It's funny how different people's experiences are.  I absolutely agree with the second -- SUCH a luxury!!  Though at this stage of life for me, I think I'd prefer the luxury of being able to hire a professional organizer to help me get my entire house in order, because then it would be much easier to clean.

 

The first, though...for me, luxury is eating out once a month.

 

 

I think people don't realize that now days being a stay at home mother or father is a luxury in many respects.

 

I definitely agree.  I stay home with my kids, but it's not just because I can.  My husband works and earns enough to support our family, but barely.  With debt we are paying off, and exorbitant local taxes, we're barely living paycheck to paycheck.  (I guess that's not entirely accurate...we're tucking away for a family vacation, but we have nothing leftover for small luxuries -- "good" ice cream, or going out to dinner, or a new skirt, just because, etc.)  In some ways, being a stay at home parent doesn't feel like a luxury.  It's stressful, financially.  But if I were to go to work, we wouldn't be any better off in that department, because we'd have to pay for childcare.

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I think one luxury for me would be the ability to go from at least one payday to another without having to count pennies to makes sure I have enough money to the next payday. That would be a luxury for me.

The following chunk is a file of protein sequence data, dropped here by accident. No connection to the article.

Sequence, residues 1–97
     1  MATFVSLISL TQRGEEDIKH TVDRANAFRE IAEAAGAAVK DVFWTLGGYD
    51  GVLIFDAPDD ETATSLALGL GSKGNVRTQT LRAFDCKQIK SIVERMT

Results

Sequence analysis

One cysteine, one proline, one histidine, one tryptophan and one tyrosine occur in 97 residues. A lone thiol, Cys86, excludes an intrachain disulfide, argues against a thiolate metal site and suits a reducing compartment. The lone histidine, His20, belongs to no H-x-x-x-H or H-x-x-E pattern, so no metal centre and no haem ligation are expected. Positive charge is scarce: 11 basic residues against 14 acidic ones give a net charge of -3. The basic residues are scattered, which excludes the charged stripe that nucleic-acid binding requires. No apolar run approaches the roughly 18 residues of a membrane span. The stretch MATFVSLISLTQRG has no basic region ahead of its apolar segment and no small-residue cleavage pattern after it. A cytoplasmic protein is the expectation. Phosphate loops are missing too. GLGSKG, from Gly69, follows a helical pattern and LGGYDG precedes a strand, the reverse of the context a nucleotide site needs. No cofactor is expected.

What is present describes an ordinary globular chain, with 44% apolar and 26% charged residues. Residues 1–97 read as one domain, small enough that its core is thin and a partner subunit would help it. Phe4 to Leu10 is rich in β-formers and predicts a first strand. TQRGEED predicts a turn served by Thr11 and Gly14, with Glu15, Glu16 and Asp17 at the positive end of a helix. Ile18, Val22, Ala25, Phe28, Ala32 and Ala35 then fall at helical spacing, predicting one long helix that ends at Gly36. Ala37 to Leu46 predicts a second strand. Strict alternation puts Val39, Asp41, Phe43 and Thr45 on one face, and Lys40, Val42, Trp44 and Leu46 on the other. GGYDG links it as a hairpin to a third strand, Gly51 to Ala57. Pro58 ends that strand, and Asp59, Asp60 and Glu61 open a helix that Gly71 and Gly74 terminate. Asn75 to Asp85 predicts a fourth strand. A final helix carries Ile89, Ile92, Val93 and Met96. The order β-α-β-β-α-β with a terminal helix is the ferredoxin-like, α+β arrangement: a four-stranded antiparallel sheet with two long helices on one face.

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 I think after this summer we might start taking Brazilian Jiu Jitsu together. Spending more time with my youngest is a luxury in and of itself.

 

Go to a Gracie Barra one!  They're the best!

 

 

 

 My future luxury and dream would be to live on the beach and have a place large enough to entertain guests. We also want a small farm.

 

You know what's really funny... my mom's childhood home is this poor fishing village in the Philippines.  Their house was across the street from the beach and it was fairly large because it was handed down for generations and each generation adds a room to it.  But, it was a poor home with an "out house" for a bathroom and indoor plumbing only in the kitchen that is fed from a water tank that you have to manually pump to fill.  The lot was fairly large (also handed down for generations) and so my grandmother has a small farm and a coconut "grove" (dunno if that's the right word).

 

My mom, left her poor childhood home to seek her fortune and she ended up moving to the big city in the next island over and is like a celebrity back home for her success.  People would flock to grandma's house when my mom comes to visit.

 

The funny thing is... as my mom got older, she wants to retire to a house on the beach... well... there's grandma's house - which now has an indoor bathroom with plumbing and electricity for the pump... so the house she left to seek her fortune actually ended up to be her dream home.

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It's funny how different people's experiences are.  I absolutely agree with the second -- SUCH a luxury!!  Though at this stage of life for me, I think I'd prefer the luxury of being able to hire a professional organizer to help me get my entire house in order, because then it would be much easier to clean.